VSO volunteer doctors Dr Kiran Cheedella and Dr David Knight at Makeni Government Hospital
VSO / Peter Caton

Coronavirus: UK Volunteer opportunities and ideas for action

We're living in unprecedented times and it's easy to feel overwhelmed - but, despite the constant stream of worrying news and growing pressure on services, now is a great time for us collectively to take positive action to help our communities.

If you’ve been wondering what you can do to help the most vulnerable in society, and how you can use your professional expertise and skills, our guide to UK volunteer opportunities might help.

1. Volunteer your time and skills

A great way to contribute your time right now is to harness your enthusiasm, passion and expertise, and volunteer with established organisations who have connections with local services in your area.  

Charities and organisations looking for support include:


Befriending services

  • Age UK are recruiting telephone befrienders to stop older people feeling lonely.
  • Covid Call links you up with people in isolation to provide support or just a chat.
Man in foodbank holding donated items
© HASPhotos / Shutterstock.com
Many foodbanks need volunteers to help sort and deliver donations.

Local volunteering organisations

  • FareShare and the Trussell Trust need volunteers and drivers to handle food donations.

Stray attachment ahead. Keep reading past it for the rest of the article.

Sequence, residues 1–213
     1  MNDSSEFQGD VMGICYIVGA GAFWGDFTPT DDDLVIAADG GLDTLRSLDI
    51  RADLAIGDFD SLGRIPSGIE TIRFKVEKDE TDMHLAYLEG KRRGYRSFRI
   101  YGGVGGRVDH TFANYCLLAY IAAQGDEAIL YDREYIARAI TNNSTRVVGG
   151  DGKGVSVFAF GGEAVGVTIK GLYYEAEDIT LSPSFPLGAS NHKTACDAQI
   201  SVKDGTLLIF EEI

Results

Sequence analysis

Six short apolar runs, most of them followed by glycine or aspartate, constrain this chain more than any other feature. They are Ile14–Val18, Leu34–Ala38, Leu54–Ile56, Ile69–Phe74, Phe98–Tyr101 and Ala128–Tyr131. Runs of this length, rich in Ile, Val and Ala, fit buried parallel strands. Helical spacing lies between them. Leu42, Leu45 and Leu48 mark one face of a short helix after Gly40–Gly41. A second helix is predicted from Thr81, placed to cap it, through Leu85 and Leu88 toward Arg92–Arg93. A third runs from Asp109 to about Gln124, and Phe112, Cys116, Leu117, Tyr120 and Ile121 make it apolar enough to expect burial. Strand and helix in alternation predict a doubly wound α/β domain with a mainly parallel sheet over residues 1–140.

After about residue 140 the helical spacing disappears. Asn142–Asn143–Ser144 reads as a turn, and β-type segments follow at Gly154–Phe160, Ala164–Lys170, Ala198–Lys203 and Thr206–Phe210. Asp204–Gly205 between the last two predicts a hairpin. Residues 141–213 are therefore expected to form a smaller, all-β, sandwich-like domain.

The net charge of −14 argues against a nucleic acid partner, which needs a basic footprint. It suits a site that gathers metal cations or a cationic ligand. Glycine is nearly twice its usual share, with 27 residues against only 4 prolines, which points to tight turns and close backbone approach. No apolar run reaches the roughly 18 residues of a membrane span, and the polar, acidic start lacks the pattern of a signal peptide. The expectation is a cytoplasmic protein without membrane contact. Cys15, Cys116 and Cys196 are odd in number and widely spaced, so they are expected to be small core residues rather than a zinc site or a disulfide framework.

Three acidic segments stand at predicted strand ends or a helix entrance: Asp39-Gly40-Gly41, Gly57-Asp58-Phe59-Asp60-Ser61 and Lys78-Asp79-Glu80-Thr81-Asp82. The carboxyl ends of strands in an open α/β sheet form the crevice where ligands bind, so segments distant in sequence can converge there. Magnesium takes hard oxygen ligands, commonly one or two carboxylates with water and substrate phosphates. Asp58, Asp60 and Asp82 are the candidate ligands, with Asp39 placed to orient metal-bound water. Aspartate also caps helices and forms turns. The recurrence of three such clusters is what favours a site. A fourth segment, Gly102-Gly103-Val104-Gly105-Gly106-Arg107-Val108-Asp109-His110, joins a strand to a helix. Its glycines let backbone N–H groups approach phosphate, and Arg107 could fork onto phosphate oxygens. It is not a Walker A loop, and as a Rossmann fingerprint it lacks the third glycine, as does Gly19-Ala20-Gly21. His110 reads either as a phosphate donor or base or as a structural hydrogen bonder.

• Deedmob is an online tool which helps you source local opportunities to lend a hand to vulnerable people.
  • Reach pairs volunteers with 3+ years' professional experience with charities looking for help.
  • World Harmony Orchestra arranges performances by musicians for those isolating in London.
  • Bankuet allows those who can’t donate food to foodbanks to give cash instead.

National voluntary databases

2. Join local groups on social media

'Mutual aid' Facebook and WhatsApp groups are full of local people of all ages volunteering to support vulnerable people near them.

The kinds of activities members are currently getting involved in include:

  • Offering dog walking services
  • Collecting prescriptions for older people
  • Delivering food direct to those who can’t get to the shops
  • Acting as a befriender for those who just want a chat

If you have professional skills to share - perhaps you are a medic, teacher, social worker or therapist - then joining your local group is a great way to share these skills with others.

Don’t be afraid to speak up and offer your expertise, for example, if you’re a teacher, you can share useful tips and resources for home schooling.  

How do I join?

  1. Check out Mutual Aid and join your nearest Facebook group

  2. Most groups will have tips for beginners in the description

  3. Find or ask for the WhatsApp link for the group of people closest to you

  4. Introduce yourself – then get involved with opportunities being shared

What if there aren’t any groups near me?

Follow the advice on the Mutual Aid site to set up your own group and then when it’s done, register your group with them so other people can find it.

Leaflets are often the best way to tell people about the help you’re offering – it's a task that can be split up and it allows you to avoid human contact.

The Mutual Aid site also includes templates and advice on what to write.

How do I make sure I’m not doing harm?

As with any activity involving volunteers and the public – and particularly where human contact needs to be avoided – safeguarding is so important.